The view accepted by many palaeoanthropologists and the general public is that as the African climate dried starting in the late Pleistocene, forest apes were forced to abandon trees to live on the flat savannah plains of Africa. On these plains a branch known as hominins evolved from the clumsy, but upright Australopithecus to the fully upright striding Homo erectus whose body form modern humans have inherited. This project challenges this narrative for human evolution.
Over more than 20 years the IPGP tectonics lab has developed techniques to understand the landscapes created in tectonically active regions and applied this to understanding the mechanics of the deformation of the continental lithosphere in general and specifically to establish earthquake hazard. This project adapts these techniques to understand the character of regions where our ancestors lived. Many hominin sites in the East African Rift are associated with tectonic or volcanically active landscapes. The relation has been explained to be the result of activity first promoting burial of fossil material and its later exhumation. Our closer examination of sites regions around the Mediterranean and Africa has revealed that the dynamic landscapes resulting from tectonic activity have been particularly favourable to hominins. Some important features related to active faults are shown in Figure 1 which can be compared with Figure 2 with shows lake or river edge traditionally favoured as hominin habitats.
Our progressive understanding of site regions has led us to propose a new "complex topography hypothesis" wherein hominin bipedalism arose in environments that had been
disrupted by tectonic and volcanic processes. These areas, with frequent sudden and severe changes in gradient, and a wide variety of landforms (e.g. rocky outcrops, cliffs, gorges, ridges, etc.) offered security (plenty of look-out and observation points, shelter, protection on ledges from most predators) and could therefore have been attractive for hominins. They would also have acted as a powerful stimulus to improving locomotor skills for moving around the landscape by climbing, balancing, scrambling and moving rapidly over broken ground. These demands, we argue, would have facilitated the emergence of bipedalism. Additionally, this type of broken, disrupted terrain offered greater chances of trapping prey species in cul-de-sacs or on very broken ground, and would thus have been additionally attractive to early hominins. This type of complex topography would have placed additional cognitive demands on early hominins for more complex management of co-operation and team-work (e.g. navigational skills, not getting lost, keeping in touch, effective communication, etc.)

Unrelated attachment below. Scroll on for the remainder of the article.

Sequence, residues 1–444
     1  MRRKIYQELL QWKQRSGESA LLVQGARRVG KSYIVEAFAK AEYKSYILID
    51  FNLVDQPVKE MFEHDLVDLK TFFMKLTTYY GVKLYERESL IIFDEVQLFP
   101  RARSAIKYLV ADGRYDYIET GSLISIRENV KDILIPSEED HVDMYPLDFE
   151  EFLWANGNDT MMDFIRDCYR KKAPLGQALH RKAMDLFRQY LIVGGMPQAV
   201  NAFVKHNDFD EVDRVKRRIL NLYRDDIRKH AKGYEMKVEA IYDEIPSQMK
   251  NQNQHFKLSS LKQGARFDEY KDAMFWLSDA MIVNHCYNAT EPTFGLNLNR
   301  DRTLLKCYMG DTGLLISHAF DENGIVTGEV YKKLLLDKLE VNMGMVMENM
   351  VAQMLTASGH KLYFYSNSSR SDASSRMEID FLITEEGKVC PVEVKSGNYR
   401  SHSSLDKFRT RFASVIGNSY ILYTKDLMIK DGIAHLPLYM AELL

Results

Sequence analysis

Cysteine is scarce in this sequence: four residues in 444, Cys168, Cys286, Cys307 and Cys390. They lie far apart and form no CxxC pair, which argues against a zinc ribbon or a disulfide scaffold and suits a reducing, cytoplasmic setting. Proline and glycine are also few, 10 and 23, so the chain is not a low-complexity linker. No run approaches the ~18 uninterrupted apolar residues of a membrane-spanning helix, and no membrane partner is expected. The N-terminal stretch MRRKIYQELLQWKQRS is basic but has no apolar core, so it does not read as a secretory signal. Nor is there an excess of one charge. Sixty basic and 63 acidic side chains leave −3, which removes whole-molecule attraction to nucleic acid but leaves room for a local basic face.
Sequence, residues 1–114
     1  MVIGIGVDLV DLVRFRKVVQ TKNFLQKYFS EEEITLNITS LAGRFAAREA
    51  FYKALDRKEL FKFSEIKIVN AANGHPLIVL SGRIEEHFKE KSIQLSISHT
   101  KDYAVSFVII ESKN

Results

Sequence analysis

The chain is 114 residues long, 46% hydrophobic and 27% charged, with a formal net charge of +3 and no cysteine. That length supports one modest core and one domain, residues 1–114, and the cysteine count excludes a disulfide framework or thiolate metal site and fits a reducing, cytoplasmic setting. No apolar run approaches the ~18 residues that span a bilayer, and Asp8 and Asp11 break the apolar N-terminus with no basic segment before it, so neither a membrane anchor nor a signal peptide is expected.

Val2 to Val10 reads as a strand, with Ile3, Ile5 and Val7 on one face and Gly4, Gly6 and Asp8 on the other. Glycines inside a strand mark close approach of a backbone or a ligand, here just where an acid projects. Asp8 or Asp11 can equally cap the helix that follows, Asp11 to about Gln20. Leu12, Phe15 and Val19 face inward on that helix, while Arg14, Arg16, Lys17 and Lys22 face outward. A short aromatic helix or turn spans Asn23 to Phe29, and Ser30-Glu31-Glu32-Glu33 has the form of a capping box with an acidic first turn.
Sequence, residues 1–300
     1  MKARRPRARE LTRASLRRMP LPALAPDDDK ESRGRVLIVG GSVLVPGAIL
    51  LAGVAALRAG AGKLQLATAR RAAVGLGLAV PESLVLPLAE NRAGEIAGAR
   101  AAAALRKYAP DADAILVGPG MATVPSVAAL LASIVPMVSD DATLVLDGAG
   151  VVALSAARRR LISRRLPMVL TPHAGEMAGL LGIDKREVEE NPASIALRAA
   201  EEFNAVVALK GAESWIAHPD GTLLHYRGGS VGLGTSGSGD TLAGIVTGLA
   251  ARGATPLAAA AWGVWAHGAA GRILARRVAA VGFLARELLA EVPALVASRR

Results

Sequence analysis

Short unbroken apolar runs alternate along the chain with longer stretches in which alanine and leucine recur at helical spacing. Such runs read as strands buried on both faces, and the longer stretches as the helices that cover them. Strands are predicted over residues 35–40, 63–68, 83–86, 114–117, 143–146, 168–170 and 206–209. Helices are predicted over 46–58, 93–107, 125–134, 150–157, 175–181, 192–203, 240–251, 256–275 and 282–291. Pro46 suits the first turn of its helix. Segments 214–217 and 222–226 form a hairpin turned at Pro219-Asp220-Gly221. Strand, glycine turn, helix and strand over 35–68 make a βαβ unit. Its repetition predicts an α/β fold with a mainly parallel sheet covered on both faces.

These skills first appeared in Homo erectus a species with sufficient flexibility to disperse out of Africa into Europe and Asia. Figure 3 shows early Homo sites plotted on a
map of topographic roughness with high altitude and high latitude regions excluded. The sites are associated with the interface regions between plains and mountain edges
where our ancestors could take advantage of large resources of prey species while simultaneously exploiting their adaptation to complex landscapes.
Recently our work has received support from the European Research Council in a joint project with the Department of Archaeology, York University, UK. A major part of the project known as DISPERSE examines how Homo erectus and more modern humans could have left Africa. Particular attention is directed to western Arabia with the possibility that our ancestors could have crossed to Arabia from Africa at times of low sea level. Sea levels are higher now than at almost any time and the Arabian Red Sea margin would have provided an attractive environment. Figure 4 (see the video in the end) shows the extent of this margin at different times in the last 120 ka. This part of the project includes marine survey methods and diving to search for sites that are now submerged. A second initiative concerns establishing how animals that hominins prey on must move around the landscape. The traditional view is that herbivorous species move between places where they find water and vegetation. However if the soils lack certain essential trace elements then grazing or browsing animals cannot exploit the associated vegetation. Dense vegetation can result form the inability of animals to eat it while more scarce vegetation can result from heavy grazing or browsing. We have developed these ideas in the southern Levant and are now applying them in Kenya. The capacity of soils in Kenya to provide the necessary elements is being studied in a joint project with the Kenya Agricultural Research Institute (KARI) and the Kenya National Museum. Early results suggest that soils in the Rift can be very poor except in local areas and that these are where important hominin sites are found. We are taking two approaches to this study. First we are collecting numerous soil samples that are analysed by KARI. In the second we use questionnaires to interview local people (Masai goatherds) about where they take their animals (sheep, goats, cattle and donkeys - grazers and browsers. Even to the untrained eye animals on good soils are healthier than where soils are poor (Figure 5).
More details on the projects of DISPERSE on Maud Devès’s website.